Family travel: Long-haul travel tips

2012-10-01 09:47
There’s something magical about flying when you’re a child; being awed by the size of the aircraft, the anticipation as you fasten your seat-belt, the excitement of takeoff and the wonder of looking down on the clouds.

But usually it’s an experience not shared by parents. Airports are stressful at the best of times and particularly so when escorting one or more children while juggling bags, passports and urgent appeals to use the bathroom.

On board the aircraft there’s the inevitable debate about who sits where and the need to keep an eye on an insatiably curious child intent on heading off to do some exploring while you wrestle your bag into the overhead locker.

Even when you’ve settled in your seat and answered a seemingly endless barrage of excited questions you sometimes aren’t able to relax. Your duties as maître d’ and entertainment officer usually preclude anything other than snatching more than a bite or two of an inevitably cold meal and pretty much rule out following the plot of anything longer than a cartoon.

But Sue Botes, British Airways Commercial Manager for Southern Africa, who’s been flying her children since they were babies, says that by being pro-active you can limit some of the stress of travelling with tiny tearaways.

Try these tips:


- Arrive early, if possible factor in an additional 30 minutes per child to the minimum departure or connection time. This will go a long way to reducing the stress.

- Book the entire trip on one airline or use its alliance partners as this makes life much easier if there are any delays or connection problems.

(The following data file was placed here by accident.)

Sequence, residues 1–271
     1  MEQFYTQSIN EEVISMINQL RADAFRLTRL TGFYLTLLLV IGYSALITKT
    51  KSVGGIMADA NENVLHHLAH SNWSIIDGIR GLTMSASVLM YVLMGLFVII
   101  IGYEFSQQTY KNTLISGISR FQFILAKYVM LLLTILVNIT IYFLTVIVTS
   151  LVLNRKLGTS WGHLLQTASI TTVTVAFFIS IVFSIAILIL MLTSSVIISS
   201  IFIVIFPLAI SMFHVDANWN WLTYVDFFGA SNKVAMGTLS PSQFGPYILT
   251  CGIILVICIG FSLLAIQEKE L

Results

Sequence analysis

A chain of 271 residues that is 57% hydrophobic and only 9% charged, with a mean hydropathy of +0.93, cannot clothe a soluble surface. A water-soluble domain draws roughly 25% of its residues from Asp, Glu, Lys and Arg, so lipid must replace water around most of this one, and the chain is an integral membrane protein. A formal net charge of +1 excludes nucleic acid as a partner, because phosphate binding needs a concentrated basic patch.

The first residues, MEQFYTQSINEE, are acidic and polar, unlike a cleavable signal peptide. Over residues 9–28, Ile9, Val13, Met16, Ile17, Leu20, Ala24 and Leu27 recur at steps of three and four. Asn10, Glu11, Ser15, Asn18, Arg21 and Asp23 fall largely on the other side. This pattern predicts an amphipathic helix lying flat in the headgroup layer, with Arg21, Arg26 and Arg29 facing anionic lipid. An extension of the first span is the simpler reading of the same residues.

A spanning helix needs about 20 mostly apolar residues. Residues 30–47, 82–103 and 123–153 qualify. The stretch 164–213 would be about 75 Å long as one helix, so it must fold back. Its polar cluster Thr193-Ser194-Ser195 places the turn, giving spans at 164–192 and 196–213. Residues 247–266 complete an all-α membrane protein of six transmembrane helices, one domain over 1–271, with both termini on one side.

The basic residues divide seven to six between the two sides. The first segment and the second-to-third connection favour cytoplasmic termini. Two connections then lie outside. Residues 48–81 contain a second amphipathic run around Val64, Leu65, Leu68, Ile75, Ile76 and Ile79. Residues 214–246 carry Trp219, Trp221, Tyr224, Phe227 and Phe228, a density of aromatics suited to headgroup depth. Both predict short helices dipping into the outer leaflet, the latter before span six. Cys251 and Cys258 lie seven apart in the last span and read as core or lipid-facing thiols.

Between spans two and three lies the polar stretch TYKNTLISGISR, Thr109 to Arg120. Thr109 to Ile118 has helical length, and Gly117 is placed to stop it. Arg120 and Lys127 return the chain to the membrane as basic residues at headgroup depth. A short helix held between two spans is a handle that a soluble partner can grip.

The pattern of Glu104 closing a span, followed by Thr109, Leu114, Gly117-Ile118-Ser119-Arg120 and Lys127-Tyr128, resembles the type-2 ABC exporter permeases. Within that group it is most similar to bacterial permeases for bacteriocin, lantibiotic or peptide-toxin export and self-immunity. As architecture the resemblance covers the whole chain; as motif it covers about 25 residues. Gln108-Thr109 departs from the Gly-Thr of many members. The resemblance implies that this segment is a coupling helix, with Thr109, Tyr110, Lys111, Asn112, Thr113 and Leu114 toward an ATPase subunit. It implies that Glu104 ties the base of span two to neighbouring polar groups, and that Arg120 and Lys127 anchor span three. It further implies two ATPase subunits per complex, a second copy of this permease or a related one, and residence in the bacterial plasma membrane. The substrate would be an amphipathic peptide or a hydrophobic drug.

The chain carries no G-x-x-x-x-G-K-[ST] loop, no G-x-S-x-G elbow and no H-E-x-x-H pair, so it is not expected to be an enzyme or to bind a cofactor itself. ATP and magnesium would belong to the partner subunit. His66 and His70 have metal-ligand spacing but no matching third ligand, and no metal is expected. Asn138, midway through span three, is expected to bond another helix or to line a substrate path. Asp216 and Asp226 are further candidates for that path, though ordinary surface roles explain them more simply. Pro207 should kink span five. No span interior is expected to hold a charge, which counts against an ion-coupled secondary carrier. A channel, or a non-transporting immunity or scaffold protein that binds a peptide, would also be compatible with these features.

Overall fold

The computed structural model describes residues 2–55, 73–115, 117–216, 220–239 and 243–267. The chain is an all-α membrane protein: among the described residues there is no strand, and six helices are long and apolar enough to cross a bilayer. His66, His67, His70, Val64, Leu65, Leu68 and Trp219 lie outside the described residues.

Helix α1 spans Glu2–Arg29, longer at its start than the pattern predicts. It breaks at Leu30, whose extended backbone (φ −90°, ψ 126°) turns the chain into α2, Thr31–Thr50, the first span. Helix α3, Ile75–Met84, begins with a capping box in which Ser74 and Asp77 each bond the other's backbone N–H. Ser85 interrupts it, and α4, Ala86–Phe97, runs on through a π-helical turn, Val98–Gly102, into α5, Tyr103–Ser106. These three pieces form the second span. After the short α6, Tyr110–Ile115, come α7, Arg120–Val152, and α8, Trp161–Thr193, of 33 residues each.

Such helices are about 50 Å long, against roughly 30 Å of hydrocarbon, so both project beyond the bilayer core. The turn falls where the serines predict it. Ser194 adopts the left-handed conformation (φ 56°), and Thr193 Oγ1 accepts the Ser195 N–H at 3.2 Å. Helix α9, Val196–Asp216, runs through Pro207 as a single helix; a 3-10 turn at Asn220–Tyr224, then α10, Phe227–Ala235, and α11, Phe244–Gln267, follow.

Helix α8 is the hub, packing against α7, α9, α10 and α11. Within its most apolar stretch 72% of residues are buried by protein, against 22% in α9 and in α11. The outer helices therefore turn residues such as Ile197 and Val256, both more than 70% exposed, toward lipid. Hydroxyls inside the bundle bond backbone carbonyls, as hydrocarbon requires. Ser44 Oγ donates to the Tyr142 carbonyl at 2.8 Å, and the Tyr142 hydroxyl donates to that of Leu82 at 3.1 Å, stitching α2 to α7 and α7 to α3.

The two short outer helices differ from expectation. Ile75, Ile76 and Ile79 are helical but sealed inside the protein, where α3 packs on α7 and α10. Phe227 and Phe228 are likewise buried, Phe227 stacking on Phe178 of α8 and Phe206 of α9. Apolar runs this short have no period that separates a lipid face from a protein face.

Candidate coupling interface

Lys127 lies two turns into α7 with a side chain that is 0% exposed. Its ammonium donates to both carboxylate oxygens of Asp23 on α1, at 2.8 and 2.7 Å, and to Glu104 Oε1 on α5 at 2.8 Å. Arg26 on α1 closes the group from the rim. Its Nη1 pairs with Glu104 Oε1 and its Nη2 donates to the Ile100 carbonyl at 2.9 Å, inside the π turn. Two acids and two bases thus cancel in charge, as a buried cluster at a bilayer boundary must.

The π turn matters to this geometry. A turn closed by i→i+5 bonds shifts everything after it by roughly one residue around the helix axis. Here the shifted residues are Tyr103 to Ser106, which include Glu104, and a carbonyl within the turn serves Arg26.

- Book your baby seat or bassinet when you make your reservation as these are allocated on a first-come, first-served basis.

-If the airline allows, pre-empt queues at the airport by requesting your seats online. The Manage My Booking function on ba.com allows you to check-in using this feature 24 hours before the flight departs. 

- If you're unable to pre-seat online beforehand, arrive at the airport a little earlier so the check-in staff can try to seat everyone together.

- Airports are busy places - keep a watchful eye on your children at all times. If you do get separated from your children, make sure whoever finds them can get in touch with you by writing your mobile number on their hand or arm in indelible ink, or write your contact details and flight number on a sticker and stick it to the back of their shirt. Alternatively write the details on as small card and hang it around their neck on a lanyard.

- Take advantage of the priority boarding procedures for parents with children. This means you aren’t juggling the luggage and children while other passengers are trying to board and you have some time to get settled and relax. If you’re using a small folding pushchair you can take it right to the door of the aircraft at most airports.

- Improve their on board experience by pre-booking children’s meals. These meals are served first, giving you enough time to get the children fed and settled before enjoying your own meal - they're also specially packed with the things kids love to eat.

- Most airlines offer on board entertainment and packs for children but it’s a good idea to pack some familiar, small, lightweight toys or books in their hand baggage.

- Double check your luggage allocation before hand to avoid any nasty surprises. British Airways allows babies and children one item of hand baggage each, as long as these comply with rules applied at many international airports, including Heathrow. These restrict the maximum size of hand baggage to 56cm x 45cm x 25cm, Mothers with small children can take baby food and bottles on board, but will be asked to taste the contents at security.

- If you are concerned about a particularly energetic child, get advice from a medical professional. Do not try to self-medicate your child to avoid any stressful situations.

- On arrival, if you need help disembarking the aircraft, wait until the other passengers have left and the crew will assist you. This is where allowing more time for connections can really pay off.

- Check if there are any fast-track immigration options for families travelling with young children.


Family holidays can be magic, shared experiences, helping to expand children’s minds and imaginations. With a little planning and consideration to account for the needs of tiny travellers, you can ensure that getting there is part of the fun,” says Sue
Read more on:    travel international

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